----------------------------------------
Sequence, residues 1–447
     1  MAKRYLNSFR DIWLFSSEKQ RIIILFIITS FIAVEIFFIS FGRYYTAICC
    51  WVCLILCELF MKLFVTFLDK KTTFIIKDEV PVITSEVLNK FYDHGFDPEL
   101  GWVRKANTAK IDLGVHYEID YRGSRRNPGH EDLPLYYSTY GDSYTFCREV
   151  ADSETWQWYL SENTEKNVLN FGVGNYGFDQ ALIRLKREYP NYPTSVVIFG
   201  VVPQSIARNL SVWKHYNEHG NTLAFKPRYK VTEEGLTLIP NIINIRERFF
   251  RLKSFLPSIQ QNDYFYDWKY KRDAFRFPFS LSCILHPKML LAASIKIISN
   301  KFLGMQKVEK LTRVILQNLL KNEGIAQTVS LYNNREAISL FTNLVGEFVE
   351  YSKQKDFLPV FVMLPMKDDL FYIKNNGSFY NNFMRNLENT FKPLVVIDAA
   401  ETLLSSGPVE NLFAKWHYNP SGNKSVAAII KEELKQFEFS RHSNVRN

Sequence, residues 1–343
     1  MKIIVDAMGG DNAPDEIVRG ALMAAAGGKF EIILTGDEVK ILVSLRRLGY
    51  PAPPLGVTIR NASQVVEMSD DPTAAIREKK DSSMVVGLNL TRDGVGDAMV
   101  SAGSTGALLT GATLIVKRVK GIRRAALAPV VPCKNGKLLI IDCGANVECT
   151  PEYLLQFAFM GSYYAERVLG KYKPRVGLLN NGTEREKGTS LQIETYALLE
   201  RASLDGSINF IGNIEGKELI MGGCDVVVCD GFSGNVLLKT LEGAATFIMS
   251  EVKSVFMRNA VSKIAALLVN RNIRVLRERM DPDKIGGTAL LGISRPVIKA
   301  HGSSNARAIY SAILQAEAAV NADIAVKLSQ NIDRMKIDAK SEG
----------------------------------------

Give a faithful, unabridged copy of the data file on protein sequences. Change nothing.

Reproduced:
Sequence, residues 1–447
     1  MAKRYLNSFR DIWLFSSEKQ RIIILFIITS FIAVEIFFIS FGRYYTAICC
    51  WVCLILCELF MKLFVTFLDK KTTFIIKDEV PVITSEVLNK FYDHGFDPEL
   101  GWVRKANTAK IDLGVHYEID YRGSRRNPGH EDLPLYYSTY GDSYTFCREV
   151  ADSETWQWYL SENTEKNVLN FGVGNYGFDQ ALIRLKREYP NYPTSVVIFG
   201  VVPQSIARNL SVWKHYNEHG NTLAFKPRYK VTEEGLTLIP NIINIRERFF
   251  RLKSFLPSIQ QNDYFYDWKY KRDAFRFPFS LSCILHPKML LAASIKIISN
   301  KFLGMQKVEK LTRVILQNLL KNEGIAQTVS LYNNREAISL FTNLVGEFVE
   351  YSKQKDFLPV FVMLPMKDDL FYIKNNGSFY NNFMRNLENT FKPLVVIDAA
   401  ETLLSSGPVE NLFAKWHYNP SGNKSVAAII KEELKQFEFS RHSNVRN

Sequence, residues 1–343
     1  MKIIVDAMGG DNAPDEIVRG ALMAAAGGKF EIILTGDEVK ILVSLRRLGY
    51  PAPPLGVTIR NASQVVEMSD DPTAAIREKK DSSMVVGLNL TRDGVGDAMV
   101  SAGSTGALLT GATLIVKRVK GIRRAALAPV VPCKNGKLLI IDCGANVECT
   151  PEYLLQFAFM GSYYAERVLG KYKPRVGLLN NGTEREKGTS LQIETYALLE
   201  RASLDGSINF IGNIEGKELI MGGCDVVVCD GFSGNVLLKT LEGAATFIMS
   251  EVKSVFMRNA VSKIAALLVN RNIRVLRERM DPDKIGGTAL LGISRPVIKA
   301  HGSSNARAIY SAILQAEAAV NADIAVKLSQ NIDRMKIDAK SEG